camirault@eGstaff.org

eG Ethics Signatory

Sir Luscious got gator belts and patty melts

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Digital camera is all taken care of. As for posting, well, she's pretty easily intimidated so I'm guessing that won't be happening. I keep trying to convince her that food lovers don't actually bite... :rolleyes:


Kathy

Cooking is like love. It should be entered into with abandon or not at all. - Harriet Van Horne

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Well, fruit and veggies she won't be permitted to bring back.

Or she can try...

IMHO, this situation really depends on your sister knowing you well and then picking appropriate things based on what she sees available around her.

I've always thought it's hard to be able to make a list/predict this kind of stuff beforehand.


Herb aka "herbacidal"

Tom is not my friend.

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My sister will be travelling to Shanghai in about a month on a teaching assignment. This is her first time in that area and she is very excited. None of her provided meals will be American, and she will be seeking out interesting places to eat when not working as well. Any places to recommend, or local dishes worth seeking out?[...]

Shanghai cuisine is great! We've had some threads on Shanghai (I'll try to remember to check for their URLs on my next grading break), but the main thing is, just avoid places that obviously cater to Western tourists. Shanghai is known for all kinds of dumplings, famously including xiaolong bao (soupy dumplings with pork or pork and crab); noodle soups; scallion pancakes; and all sorts of main dishes -- too many to describe, really.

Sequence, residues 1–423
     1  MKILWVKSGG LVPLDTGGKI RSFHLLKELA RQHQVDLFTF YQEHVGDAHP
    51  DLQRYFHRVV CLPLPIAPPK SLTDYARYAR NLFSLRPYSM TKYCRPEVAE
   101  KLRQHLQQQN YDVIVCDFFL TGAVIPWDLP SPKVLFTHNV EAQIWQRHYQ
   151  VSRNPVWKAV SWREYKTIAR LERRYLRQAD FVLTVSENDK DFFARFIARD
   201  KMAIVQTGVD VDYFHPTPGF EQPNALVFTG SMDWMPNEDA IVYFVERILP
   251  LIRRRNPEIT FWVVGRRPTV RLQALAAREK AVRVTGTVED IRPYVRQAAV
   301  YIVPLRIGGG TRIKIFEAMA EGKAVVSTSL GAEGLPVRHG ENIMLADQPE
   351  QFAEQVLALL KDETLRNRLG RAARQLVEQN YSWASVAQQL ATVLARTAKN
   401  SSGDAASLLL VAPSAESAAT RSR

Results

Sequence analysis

In terms of foodstuffs to bring back to the U.S., unless it's canned or in a bag, I wouldn't risk trying to bring it in. Given that, I'm not sure your sister will find anything you couldn't buy at a Chinese foodstuffs store near you (if there is any).

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I just got back from Shanghai but I am still too lazy to post the pictures from the trip. :raz: When I was in Shanghai, there are lots of shop that specialize in selling individual packaged food that is great for gifts. I saw individual packaged duck parts(gizzard, liver, feet, tongue, and lots more), many different types of nuts(I especially like the mini walnut), Chinese dessert and cake, and many other weird things. Of course since she is coming back to the US so I suppose she can not buy the wide varieties of preserved meat in Shanghai.

When your sister in Shanghai, I would suggest going into the residential area in the morning where she would find great breakfast at a cheap price. The grilled lamb skewer is great with the freshly baked bread. I would also recommend the Polo restaurant(I will dig the address up sooner or later :wink: ) for Shanghai style food. For me, Shanghai is not about going to the fancy restaurant, but it is about lining up behind a crowd to get food. In Shanghai, some people do not line up for buses but they are really patient when it comes to lining up for food. :wink: Don't be afraid to try out new food and you know there is great food when there is a line up!!

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Try to have her get some dried foodstuffs (mushrooms, fish) and some Chinese hard liqour. I can't recall what the name of it is but it's hard to find in the States.

Personally, I'd try to bring back some of the perserved meats and stuff. I've been EXTREMELY lucky with customs - I think it all depends where you fly into - LAX, NYC are very strict from what I hear.

On a non-food tip she should try and get some custom made clothing done (if time permits) while she's there. There's supposed to be this famous fabirc market there in Shanghai and fantastic tailors.